Revisiting Writing through Revision
Strategies to teach and motivate your students to revise their writing.
By Dawn Dodson
Revise and edit, edit and revise—words that many young writers hear over the course of their academic writing career. At the beginning of the year, my sixth-grade writers attempt to combine revising and editing, and the process takes only about fifteen minutes at best. Teaching them the difference between revising and editing, as well as the process of revision takes time, patience, and practice. This much-needed skill takes time and energy to instill in young writers. As writers become engaged in exploring their own writing, and comparing it to other writing samples, they will begin to acquire these necessary skills. The act of revising written work will prove to be a useful writing tool that your learners can employ throughout their academic writing, and even beyond. The following are ideas and activities that help teach young writers the routine of revising.
Instructor Defines Revision
Revision is the one step in the writing process that can always be revisited—and that’s exactly how I explain it to my students. Revision is revisiting one's work, which includes rough drafts, final copies, and even the great beginning to a story they never had a chance to finish. It’s the opportunity to improve the message, make a specific scene more suspenseful, and to sharpen the images of the setting that were so carefully designed. More specifically, it is not checking spelling, punctuation, and other mechanical aspects of writing. Those are editing skills, which should be addressed in a separate strategy. Revising is not the same as editing.
Collaborative Revision Plan
The plan outlined here is an almost methodical way of training writers to become better revisers. It begins with a chart, which includes the following five traits:
- Sentence Fluency
- Word Choice
Each category has a blank column in which writers fill in questions that allow them to evaluate each trait in their own writing. For example, an 'idea' question might be, “Is my idea focused and logical?” We create these questions based on examples of student writing. The class is divided into small groups of three, and each group is given two examples of writing. For each trait, I choose written work that demonstrates a well-revised piece, and another piece of written work that is still in progress. Each group is given time to read the examples and are asked to focus on only one trait. Next, they think of at least three questions they would ask the author to consider. The groups share their questions, and as a whole class, we choose the guiding questions we want to add to our revision chart. This activity is repeated for each of the five traits in order to define what we are looking for as we revise our work.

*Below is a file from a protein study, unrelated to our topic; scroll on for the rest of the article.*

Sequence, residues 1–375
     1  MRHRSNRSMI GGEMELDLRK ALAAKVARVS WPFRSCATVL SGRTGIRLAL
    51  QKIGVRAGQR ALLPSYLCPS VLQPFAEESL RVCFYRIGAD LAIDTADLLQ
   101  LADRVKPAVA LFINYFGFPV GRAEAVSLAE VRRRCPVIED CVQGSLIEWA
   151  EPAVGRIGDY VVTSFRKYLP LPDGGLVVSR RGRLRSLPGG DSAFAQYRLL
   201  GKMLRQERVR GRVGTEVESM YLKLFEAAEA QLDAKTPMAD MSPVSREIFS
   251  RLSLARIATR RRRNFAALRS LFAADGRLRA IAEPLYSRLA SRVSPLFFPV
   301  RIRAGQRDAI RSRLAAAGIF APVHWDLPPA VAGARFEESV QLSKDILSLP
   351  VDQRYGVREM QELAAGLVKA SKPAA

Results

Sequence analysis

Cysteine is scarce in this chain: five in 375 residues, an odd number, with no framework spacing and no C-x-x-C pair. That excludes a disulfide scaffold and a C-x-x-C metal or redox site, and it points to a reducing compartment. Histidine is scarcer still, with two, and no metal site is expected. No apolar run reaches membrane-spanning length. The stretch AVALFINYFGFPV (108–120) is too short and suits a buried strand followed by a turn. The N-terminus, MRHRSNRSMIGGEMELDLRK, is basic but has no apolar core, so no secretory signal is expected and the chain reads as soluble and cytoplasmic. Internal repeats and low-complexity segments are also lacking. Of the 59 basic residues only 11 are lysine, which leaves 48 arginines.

Independent Revision Strategies
Once the traits and guiding questions have been defined, it is time to arm writers with strategies they can rely on to revise their work independently. Each person will need a few different colors of highlighters and a pen. Some of my favorite revision strategies are listed here:
- Highlighting the first word of each sentence helps writers to vary their wording. When it’s highlighted, it’s easier to focus on how each sentence begins.
- Counting the words in each sentence is a strategy that can be used to check and revise the structure of each sentence in a piece of writing. I advise writers to only work with one paragraph at a time, and to read it aloud in order to test the fluency. This helps writers to vary the sentence length, and also learn to use shorter sentences for dramatic effect.
- Highlighting the detail words often means taking a second look at adjectives, adverbs, and those sentences that are describing a specific noun or verb. Is there a better word to substitute that would sharpen the image being created? Is there an appropriate form of figurative language that could be added?
- Reading for order and organization can include making a timeline of the writing. Students will want to ask themselves if their piece has a definable beginning, middle, and end, as well as whether or not it flows from one idea to another. I also like to pass out a list of transition words and phrases for this strategy.
Pair-Up for Peer Revision
Sometimes another pair of eyes can be very helpful with revision. After writing and rereading your own work a few times, having someone else take a look at it can be refreshing. During writing workshop, my writers are asked to share their work with at least one other peer. This helps to insure that the author's intended message is received and understood in the way the author had hoped. Likewise, constructive feedback can help smooth out language and flow that the author may have overlooked. Peer reviewers utilize the same guiding questions and strategies that are used in the independent revision.
Learning to revise is a process that takes practice. Defining the job of revising, as well as providing writers with useful strategies that will guide them through the process, will help build a solid foundation for lifelong writing skills.
More Lessons to Aid with Revision:
Writers learn how to use strategies for revising. In the process, they revise and improve previously written work.
This resource targets revising word choice. Through using multiple resources, writers are given the knowledge and practice to employ this trait in their own work.
This step-by-step lesson teaches pupils how to effectively use transitions in writing. A great introductory lesson into using transitions in writing, and can also serve as a review.